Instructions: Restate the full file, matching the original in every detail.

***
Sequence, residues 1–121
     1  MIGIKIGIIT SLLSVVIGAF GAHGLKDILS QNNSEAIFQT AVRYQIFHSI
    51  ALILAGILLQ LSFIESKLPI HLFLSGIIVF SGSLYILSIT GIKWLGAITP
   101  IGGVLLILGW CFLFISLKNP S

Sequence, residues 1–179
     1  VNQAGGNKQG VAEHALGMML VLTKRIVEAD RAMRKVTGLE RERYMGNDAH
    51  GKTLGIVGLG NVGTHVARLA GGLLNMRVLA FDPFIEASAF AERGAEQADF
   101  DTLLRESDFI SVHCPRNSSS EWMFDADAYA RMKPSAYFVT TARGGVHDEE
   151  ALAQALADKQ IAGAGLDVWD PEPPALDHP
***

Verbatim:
Sequence, residues 1–121
     1  MIGIKIGIIT SLLSVVIGAF GAHGLKDILS QNNSEAIFQT AVRYQIFHSI
    51  ALILAGILLQ LSFIESKLPI HLFLSGIIVF SGSLYILSIT GIKWLGAITP
   101  IGGVLLILGW CFLFISLKNP S

Sequence, residues 1–179
     1  VNQAGGNKQG VAEHALGMML VLTKRIVEAD RAMRKVTGLE RERYMGNDAH
    51  GKTLGIVGLG NVGTHVARLA GGLLNMRVLA FDPFIEASAF AERGAEQADF
   101  DTLLRESDFI SVHCPRNSSS EWMFDADAYA RMKPSAYFVT TARGGVHDEE
   151  ALAQALADKQ IAGAGLDVWD PEPPALDHP